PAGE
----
... Development planning is more likely to engage the participant when developmental targets are chosen voluntarily and reflect the individual's more deeply held ambitions or areas of curiosity (Clardy, 2002). Motivation for engaging in development planning is also strengthened if one has an awareness of the linkages between one's strengths and weaknesses and one's personal goals (Stringer & Cheloha, 2003). Finally, engagement in a planning process is also aided when there is help and support available from others, particularly in the form of feedback on strengths and weaknesses and advice regarding development goals and strategies (Boyatzis et al., 2002;Schein, 1996). ...
... Despite the potential of development planning, there only has been limited research into the attributes and qualities of development plans that actually lead to significant student progress after the plan is completed, especially in academic settings. In corporate development programs, Stringer and Cheloha (2003) described the importance of personalization and specificity, realistic and actionable on-the-job learning opportunities, and the use of coaching and regular feedback as essential ingredients for high quality plans. Frese and Zapf (1994) argued that action plan quality was critical to future career success, and Raabe et al. (2007) measured self-reported plan quality and found it associated with increased career selfmanagement efforts, which in turn was associated with self-reported extent of plan implementation, job transition speed, and job satisfaction. ...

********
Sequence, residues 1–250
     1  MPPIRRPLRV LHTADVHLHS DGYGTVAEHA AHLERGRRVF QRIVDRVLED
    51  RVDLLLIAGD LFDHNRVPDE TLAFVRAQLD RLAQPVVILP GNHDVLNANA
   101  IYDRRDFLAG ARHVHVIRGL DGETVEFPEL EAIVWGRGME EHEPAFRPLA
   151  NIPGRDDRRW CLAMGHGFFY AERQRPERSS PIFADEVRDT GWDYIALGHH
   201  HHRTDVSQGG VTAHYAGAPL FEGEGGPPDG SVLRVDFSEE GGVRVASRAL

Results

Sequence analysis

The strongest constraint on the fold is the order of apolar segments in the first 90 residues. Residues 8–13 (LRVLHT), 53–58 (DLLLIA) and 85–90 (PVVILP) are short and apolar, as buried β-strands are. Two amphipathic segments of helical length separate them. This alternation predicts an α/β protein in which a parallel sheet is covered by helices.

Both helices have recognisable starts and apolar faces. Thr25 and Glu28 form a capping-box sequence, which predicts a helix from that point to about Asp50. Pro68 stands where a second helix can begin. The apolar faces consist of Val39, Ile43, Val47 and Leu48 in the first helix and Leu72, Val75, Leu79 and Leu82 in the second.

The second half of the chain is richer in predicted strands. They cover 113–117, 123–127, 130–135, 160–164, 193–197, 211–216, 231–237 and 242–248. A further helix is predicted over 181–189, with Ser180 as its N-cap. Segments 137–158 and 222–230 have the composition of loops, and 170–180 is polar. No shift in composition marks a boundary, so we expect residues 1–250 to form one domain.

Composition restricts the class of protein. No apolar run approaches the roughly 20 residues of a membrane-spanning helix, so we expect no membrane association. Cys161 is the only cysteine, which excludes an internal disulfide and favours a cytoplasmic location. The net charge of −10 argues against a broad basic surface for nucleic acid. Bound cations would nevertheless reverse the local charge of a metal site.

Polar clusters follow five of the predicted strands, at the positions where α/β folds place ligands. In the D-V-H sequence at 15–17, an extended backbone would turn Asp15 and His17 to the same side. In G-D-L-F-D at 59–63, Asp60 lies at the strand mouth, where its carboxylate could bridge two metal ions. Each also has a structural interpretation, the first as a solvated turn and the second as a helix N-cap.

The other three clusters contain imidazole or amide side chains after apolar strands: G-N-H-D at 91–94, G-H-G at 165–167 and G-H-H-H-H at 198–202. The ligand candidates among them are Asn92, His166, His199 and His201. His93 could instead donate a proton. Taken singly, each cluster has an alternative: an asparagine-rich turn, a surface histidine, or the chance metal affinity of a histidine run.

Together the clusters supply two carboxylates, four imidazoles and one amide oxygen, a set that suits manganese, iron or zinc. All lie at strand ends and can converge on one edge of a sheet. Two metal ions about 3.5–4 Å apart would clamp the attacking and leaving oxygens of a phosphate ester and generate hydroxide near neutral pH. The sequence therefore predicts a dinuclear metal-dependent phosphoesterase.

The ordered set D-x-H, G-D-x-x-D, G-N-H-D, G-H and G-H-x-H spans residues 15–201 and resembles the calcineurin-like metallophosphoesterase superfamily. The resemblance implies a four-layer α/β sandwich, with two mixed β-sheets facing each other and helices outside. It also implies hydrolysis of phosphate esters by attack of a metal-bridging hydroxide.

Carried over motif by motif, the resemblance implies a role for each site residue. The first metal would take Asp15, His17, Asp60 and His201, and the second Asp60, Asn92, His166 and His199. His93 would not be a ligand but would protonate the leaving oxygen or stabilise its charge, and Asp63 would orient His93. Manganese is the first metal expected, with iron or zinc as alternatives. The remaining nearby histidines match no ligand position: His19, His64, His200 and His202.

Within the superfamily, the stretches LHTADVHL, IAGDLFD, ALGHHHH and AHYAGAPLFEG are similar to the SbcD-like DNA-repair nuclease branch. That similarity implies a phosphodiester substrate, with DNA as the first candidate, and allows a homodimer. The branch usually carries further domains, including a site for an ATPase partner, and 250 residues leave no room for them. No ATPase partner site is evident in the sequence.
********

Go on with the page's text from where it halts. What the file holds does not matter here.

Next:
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Development planning has been promoted as a useful pedagogical tool for leadership and career development beyond the classroom. In this paper, we identify the attributes of student development plans that are associated with proactive effort and significant progress after the assignment and the course are over. This study examines outcomes for 84 MBA students asked to write about their experience 18 months after completing a mandatory course-based development plan. Using content analysis we were able to compare the students' self-described career development progress against their original plans, and discern patterns among those students who subsequently made a high degree of self-reported progress versus those who showed little progress. We found that high levels of self-reported progress were associated with development plans that exhibited clear goals, thoughtful self-assessment of strengths and weaknesses, specific, realistic action steps, and an insightful understanding of the political and organizational challenges of implementing the plan. Effectiveness in career management over time appears associated with students’ sense of personal agency regarding their career. The implications of this research for MBA faculty and career services are discussed.